Sunday, October 12, 2008

my ideal swift

I am in the midst of working on a wholesale order and prepping for a local fiber show this weekend. So my swift and I have been spending a lot of quality time together. (WHEN is my electric skein winder going to get here?)

So I've had ample time to reflect on what features my ideal swift would have:

1) A flexible yet durable method of allowing the swift to adjust to different sizes. With my wooden umbrella swift, the slats are attached to one another with little strings. The slats get tangled together and won’t always open, so I have to shake or pull them apart. And the strings seem to break a lot. It’s on long-term loan from a friend, so I don’t really know how old it is or how much abuse the strings have taken over the years. Maybe these are just OEM strings, in which case I can forgive them.

2) Ball bearings or some other rotational mechanism that would get rid of the wood-on-wood squeaking. I HATE IT. I do a fair amount of winding at midnight or later, and I'm always half-expecting the squeaking to wake up my three-year-old.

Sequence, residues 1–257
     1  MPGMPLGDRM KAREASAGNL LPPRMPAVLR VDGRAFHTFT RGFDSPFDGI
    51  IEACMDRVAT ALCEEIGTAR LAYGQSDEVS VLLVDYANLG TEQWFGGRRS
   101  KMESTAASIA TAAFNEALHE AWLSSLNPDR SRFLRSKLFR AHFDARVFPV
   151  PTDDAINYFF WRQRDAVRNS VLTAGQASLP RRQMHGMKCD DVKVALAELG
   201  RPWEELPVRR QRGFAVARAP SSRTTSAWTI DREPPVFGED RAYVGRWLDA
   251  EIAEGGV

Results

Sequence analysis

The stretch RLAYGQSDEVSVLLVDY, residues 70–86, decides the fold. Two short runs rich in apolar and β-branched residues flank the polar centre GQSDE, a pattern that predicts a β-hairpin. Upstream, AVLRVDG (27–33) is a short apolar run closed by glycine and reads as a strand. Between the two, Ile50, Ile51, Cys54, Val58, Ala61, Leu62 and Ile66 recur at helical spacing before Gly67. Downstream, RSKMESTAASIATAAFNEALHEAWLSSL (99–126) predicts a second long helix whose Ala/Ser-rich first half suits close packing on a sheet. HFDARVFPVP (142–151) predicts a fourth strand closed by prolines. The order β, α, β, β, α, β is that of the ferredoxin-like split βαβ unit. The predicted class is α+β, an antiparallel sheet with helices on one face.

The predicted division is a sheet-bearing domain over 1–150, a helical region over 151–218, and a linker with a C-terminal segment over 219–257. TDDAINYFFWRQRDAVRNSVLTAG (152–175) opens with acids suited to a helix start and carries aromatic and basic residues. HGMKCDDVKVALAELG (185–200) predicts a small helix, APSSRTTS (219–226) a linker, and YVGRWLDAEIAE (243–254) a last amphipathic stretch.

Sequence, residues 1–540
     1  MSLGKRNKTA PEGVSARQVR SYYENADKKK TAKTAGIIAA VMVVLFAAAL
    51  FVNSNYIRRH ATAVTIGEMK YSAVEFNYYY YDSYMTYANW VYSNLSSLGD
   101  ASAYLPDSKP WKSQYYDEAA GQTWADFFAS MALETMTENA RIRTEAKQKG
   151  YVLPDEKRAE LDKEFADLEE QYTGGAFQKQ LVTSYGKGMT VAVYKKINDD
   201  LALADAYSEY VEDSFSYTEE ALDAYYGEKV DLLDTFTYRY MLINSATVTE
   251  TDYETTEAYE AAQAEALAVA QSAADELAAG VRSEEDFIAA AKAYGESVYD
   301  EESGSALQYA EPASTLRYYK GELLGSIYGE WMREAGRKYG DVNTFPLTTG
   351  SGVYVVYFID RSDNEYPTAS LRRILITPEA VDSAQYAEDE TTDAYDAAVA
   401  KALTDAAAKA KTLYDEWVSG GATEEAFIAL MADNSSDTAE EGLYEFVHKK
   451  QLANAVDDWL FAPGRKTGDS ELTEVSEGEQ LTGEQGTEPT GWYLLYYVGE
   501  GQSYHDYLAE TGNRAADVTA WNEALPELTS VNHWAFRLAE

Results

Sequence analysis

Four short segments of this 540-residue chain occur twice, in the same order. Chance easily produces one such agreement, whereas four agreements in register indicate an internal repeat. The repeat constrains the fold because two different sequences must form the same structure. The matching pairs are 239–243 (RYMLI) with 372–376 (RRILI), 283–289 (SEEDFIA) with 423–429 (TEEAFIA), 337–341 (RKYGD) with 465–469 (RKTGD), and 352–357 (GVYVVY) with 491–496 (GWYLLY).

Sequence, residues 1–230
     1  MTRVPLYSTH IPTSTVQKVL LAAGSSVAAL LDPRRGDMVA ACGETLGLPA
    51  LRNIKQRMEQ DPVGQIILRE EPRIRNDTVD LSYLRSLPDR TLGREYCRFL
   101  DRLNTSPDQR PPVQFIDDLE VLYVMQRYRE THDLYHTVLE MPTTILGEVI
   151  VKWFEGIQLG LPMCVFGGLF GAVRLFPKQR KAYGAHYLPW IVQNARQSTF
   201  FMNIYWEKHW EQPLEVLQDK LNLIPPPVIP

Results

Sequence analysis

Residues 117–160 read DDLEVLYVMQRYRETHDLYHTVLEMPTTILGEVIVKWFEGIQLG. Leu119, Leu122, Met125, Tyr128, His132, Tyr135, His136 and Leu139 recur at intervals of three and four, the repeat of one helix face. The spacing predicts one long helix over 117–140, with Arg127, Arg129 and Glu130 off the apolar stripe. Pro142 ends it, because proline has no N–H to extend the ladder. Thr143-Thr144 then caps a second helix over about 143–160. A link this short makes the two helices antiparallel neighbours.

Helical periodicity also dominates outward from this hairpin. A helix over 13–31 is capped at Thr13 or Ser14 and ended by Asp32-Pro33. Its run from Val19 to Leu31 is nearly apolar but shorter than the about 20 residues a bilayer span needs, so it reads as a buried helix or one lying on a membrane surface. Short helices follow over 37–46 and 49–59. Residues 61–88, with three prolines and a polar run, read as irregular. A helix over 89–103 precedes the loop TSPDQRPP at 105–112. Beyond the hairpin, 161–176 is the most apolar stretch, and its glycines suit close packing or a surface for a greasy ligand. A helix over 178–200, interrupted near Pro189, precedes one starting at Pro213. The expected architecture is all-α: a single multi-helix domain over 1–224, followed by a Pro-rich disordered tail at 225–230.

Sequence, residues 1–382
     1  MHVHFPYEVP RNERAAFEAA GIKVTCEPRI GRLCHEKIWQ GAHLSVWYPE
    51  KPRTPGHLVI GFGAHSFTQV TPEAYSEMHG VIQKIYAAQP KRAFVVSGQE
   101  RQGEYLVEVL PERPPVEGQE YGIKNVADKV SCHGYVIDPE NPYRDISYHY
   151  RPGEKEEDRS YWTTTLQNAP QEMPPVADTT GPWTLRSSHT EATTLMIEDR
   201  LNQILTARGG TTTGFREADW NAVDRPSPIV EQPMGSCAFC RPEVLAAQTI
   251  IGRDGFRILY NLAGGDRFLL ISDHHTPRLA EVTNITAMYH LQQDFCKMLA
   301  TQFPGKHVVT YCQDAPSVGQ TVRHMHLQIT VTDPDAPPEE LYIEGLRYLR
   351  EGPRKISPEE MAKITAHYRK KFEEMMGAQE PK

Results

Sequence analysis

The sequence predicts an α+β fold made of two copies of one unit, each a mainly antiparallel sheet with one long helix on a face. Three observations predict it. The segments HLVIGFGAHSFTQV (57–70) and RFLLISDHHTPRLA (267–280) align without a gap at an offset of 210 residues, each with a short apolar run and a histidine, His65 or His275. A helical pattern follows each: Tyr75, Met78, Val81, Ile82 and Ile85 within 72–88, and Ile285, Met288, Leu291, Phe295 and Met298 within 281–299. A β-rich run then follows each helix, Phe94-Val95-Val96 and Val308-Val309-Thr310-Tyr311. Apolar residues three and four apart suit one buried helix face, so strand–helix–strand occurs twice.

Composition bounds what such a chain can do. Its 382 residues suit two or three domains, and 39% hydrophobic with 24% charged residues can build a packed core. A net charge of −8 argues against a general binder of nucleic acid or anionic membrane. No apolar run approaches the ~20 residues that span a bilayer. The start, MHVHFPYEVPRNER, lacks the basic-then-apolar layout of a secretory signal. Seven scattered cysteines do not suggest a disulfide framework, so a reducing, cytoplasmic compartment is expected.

3) A deeper and wider table clamp, so I'd be able to attach it to my coffee table and watch a movie while I'm winding. Right now I'm limited to using the swift at my kitchen table. I did discover that I could clamp it to my kitchen counter and watch YouTube videos and other clips on the computer. But my TV screen is a lot bigger than my monitor, and is easier on the eyes.

4) A guide that keeps the loose end of the skein from flapping around. It sometimes/often gets wound up in the rotating part of the swift, causing it to abruptly stop. It’s just an annoyance with heavier yarns, but it breaks sock yarns.

5) Pre-marked circumferences on the central shaft. I.e., put the revolving part at this line, and you’ve got a 2-yard skein; put it at this line and it’s a 2.5-yard skein. If this were my swift, I would just use a marker to indicate the various circumferences. I use masking tape because it's not, but that gets bunched up and eventually wears off.

6) A steadier way to keep the swift at a certain circumference. With this swift, the circumference gradually decreases because the part that rotates around the central shaft doesn’t stay tight. On occasion, it has loosened to the point where the yarn falls off into an untidy heap.

And while we're at it, my fantasy swift would also end world hunger and bring peace and goodwill to all. Hey, it's my fantasy, I get to assign super powers as I like.
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